A more recent citation for time hierarchy theorems is "A Generic Time Hierarchy for Semantic Models With One Bit of Advice" by Dieter van Melkebeek and Konstantin Pervyshev that you can get from Dieter's webpage. The techniques there give a time hierarchy with 1 bit of advice for "any reasonable" semantic model of computing, including quantum algorithms.
Also, it is normally relatively easy to obtain a hierarchy for the promise problems computed by semantic models. A promise problem only requires an algorithm to "behave nicely" (e.g., have bounded error) on some inputs -- those that are chosen to be part of the promise problem. For inputs not chosen to be part of the promise, the algorithm can behave arbitrarily (e.g., not have bounded error). A hierarchy for promise problems is a folklore result; a proof for the BPP setting is given in "Space Hierarchy Results for Randomized and Other Semantic Models" by Dieter van Melkebeek and Jeff Kinne (myself) that you can get from Dieter's or my webpage. This should apply to quantum algorithms also.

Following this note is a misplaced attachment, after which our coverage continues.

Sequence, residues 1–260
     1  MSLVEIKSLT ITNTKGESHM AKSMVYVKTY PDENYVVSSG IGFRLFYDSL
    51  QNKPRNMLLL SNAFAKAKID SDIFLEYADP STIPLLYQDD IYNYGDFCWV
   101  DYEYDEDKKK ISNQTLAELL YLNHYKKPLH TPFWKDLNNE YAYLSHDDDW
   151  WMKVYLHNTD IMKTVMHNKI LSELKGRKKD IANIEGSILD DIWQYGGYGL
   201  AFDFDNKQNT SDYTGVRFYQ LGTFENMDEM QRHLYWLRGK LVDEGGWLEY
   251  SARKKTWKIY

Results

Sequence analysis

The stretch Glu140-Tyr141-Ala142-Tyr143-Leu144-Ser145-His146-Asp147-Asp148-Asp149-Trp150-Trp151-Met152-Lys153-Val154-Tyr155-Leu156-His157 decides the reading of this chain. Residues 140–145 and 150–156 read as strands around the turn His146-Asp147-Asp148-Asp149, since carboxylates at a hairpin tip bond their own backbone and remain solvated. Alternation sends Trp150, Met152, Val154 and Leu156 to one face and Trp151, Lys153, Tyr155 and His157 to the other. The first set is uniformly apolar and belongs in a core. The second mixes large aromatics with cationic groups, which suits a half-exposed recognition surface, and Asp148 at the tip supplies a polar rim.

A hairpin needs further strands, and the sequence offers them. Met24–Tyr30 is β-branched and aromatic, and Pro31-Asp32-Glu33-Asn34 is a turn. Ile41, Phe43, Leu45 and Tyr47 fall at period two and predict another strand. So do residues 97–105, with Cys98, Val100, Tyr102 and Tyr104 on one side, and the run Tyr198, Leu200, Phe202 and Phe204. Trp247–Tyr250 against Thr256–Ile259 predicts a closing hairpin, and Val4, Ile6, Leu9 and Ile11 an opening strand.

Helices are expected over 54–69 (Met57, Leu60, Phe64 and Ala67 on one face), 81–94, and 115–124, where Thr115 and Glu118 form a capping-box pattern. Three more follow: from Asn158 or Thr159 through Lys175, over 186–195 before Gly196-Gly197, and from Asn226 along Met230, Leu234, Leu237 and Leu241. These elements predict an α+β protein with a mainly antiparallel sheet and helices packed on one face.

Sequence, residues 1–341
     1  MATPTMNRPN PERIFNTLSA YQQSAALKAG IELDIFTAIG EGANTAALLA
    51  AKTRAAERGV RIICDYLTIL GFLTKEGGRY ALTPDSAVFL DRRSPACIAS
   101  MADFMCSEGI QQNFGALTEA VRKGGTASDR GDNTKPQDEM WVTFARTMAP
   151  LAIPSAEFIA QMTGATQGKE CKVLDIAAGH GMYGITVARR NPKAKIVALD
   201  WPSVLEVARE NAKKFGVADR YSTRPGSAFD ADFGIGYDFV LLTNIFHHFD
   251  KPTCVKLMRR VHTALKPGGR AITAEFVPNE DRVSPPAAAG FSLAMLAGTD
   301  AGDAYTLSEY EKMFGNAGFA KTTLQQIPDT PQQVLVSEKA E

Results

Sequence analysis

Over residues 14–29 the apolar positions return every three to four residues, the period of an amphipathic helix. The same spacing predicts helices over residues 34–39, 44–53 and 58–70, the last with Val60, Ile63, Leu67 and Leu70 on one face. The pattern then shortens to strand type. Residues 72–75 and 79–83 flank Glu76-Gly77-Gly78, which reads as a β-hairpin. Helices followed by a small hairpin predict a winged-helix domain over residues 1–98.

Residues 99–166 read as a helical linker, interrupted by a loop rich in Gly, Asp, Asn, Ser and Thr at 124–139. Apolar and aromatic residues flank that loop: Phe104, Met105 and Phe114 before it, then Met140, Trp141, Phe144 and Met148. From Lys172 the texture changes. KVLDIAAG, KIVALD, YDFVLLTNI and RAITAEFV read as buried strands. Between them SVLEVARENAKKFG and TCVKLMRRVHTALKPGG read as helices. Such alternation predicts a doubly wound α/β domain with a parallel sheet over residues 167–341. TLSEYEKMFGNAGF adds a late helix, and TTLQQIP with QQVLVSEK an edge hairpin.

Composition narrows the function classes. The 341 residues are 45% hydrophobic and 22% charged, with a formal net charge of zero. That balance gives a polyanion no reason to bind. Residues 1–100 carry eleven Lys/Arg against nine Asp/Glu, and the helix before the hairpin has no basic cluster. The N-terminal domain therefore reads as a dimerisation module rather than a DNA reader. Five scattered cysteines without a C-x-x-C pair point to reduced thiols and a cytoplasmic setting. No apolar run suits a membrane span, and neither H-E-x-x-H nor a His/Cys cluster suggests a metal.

So the answer is, decent hierarchy theorems are known for quantum algorithms that either get 1 bit of advice or are allowed to ignore problematic inputs. Some of the techniques for these results rely on the properties of randomized algorithms. It would be interesting to try and exploit the properties of quantum algorithms in the area of hierarchy theorems.
A somewhat related area where there are results specific to quantum algorithms is the area of time-space lower bounds. There is a survey by Dieter van Melkebeek: "A Survey of Lower Bounds for Satisfiability and Related Problems".